Date of this Version
The George Eliot Review 32 (2001) Published by The George Eliot Fellowship, http://georgeeliot.org/
When Gabriel Woolf was standing here a few years ago, he told us the various things that he was not, in relation to George Eliot; for example, that he was not an author fresh from the triumph of the latest biography or other learned work, or an academic (though there I think he does himself an injustice). I too am not any of the things which very often distinguish the wreath laying guest on this important occasion in the George Eliot Fellowship's calendar. Among the many things which I am not, is any kind of blood relation of George Eliot. Had the divorce laws been different in the middle of the nineteenth century I might have got as near as being George Eliot's step-great-great-grandson. George Eliot and George Henry Lewes were of course careful to avoid having any children. It seems unlikely that they ever speculated on the possibility of having a child on the lines of, was it Ellen Terry (a Coventry girl) suggesting to George Bernard Shaw that they might have a child combining her beauty with Shaw’s brains, a suggestion turned down by Shaw on the ground that the offspring might have her brains and his looks. Of course, in the case of George Eliot and George Henry Lewes, the question of inherited beauty would not have arisen, though on the basis of his portraits I'm not sure that George Henry Lewes was that bad looking. Nevertheless, I do rather enjoy the idea of being descended from 'the ugliest man in London'.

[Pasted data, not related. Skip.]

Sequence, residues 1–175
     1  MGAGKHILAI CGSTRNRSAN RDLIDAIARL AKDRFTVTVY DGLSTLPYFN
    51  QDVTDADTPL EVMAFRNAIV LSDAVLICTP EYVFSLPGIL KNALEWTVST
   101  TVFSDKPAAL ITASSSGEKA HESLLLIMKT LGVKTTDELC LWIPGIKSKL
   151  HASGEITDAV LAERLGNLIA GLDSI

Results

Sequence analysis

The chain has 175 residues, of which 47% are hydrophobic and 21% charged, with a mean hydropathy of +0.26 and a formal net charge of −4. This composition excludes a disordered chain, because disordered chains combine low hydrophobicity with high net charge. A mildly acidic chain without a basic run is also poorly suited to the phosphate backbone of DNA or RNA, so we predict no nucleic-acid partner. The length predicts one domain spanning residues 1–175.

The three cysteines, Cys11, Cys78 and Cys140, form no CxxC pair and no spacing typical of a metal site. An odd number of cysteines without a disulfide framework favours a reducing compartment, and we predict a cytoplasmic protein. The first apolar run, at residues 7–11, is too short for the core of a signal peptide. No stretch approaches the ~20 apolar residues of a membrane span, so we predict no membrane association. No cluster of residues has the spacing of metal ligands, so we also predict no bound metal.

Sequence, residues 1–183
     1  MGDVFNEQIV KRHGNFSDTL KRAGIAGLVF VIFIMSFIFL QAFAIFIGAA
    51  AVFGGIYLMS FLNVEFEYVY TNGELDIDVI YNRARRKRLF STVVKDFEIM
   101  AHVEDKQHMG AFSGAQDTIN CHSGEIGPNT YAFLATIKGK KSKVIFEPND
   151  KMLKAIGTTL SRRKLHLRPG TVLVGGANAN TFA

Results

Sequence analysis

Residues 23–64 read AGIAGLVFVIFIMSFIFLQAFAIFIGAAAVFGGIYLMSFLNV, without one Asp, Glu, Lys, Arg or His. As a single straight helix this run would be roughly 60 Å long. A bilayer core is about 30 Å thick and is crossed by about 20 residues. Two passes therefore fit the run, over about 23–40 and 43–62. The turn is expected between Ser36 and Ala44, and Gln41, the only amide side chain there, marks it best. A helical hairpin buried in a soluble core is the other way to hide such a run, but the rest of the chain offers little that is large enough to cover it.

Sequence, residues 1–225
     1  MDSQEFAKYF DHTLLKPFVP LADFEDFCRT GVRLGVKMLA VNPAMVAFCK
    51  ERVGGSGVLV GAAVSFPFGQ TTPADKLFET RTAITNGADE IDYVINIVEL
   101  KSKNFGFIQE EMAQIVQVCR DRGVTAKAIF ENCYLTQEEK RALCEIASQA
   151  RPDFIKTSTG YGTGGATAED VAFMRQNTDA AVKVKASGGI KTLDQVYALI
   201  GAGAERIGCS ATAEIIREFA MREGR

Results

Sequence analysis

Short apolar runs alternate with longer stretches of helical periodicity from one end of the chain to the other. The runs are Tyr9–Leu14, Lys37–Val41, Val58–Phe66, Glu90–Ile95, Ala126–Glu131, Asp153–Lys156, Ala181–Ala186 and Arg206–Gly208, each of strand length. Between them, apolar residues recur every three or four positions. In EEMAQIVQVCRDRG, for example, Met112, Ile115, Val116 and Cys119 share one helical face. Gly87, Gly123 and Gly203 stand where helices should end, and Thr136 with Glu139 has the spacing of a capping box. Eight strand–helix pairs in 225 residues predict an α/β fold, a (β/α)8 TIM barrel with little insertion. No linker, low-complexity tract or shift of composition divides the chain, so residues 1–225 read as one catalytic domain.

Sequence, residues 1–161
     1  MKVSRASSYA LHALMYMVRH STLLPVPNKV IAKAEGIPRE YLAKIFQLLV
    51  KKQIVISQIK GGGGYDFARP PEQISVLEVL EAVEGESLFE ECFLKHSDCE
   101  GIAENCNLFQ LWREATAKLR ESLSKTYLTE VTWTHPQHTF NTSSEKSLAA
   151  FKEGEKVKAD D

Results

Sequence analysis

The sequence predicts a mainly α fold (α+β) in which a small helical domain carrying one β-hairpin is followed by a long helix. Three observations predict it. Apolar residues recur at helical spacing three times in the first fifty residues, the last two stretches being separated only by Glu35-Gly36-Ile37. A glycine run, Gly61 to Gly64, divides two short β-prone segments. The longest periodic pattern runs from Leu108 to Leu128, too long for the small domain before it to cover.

Looks apart, it might be interesting to speculate on what kind of progeny the two would have had, had they had any. Would any practitioner of phrenology, a 'science' in which George Eliot was much interested when young, have owned a pair of callipers large enough to encompass the gigantic brain which must inevitably have resulted. What a bump of humour such a child would have had. The combination of George Henry Lewes's capacity for telling funny stories (I wish I had it - I can never remember a joke for five minutes) and the sheer funniness which leavens George Eliot's novels must, if inherited, have produced someone well worth knowing!
My reading life can be divided into two periods, BGE and AGE (Before George Eliot and After George Eliot - or perhaps that should be DGE, During George Eliot, as I try to re-read one of the novels every year). In the BGE period one of my favourite authors was P. G. Wodehouse, and if I ever thought about George Eliot at all it was probably as a dry as dust and not much read (if not positively unreadable) Victorian author, vaguely interesting because of some connection with some forebear or other. After the death of my grandmother Elinor, who bequeathed the copyright in unpublished material to me in her Will, I took a little more interest.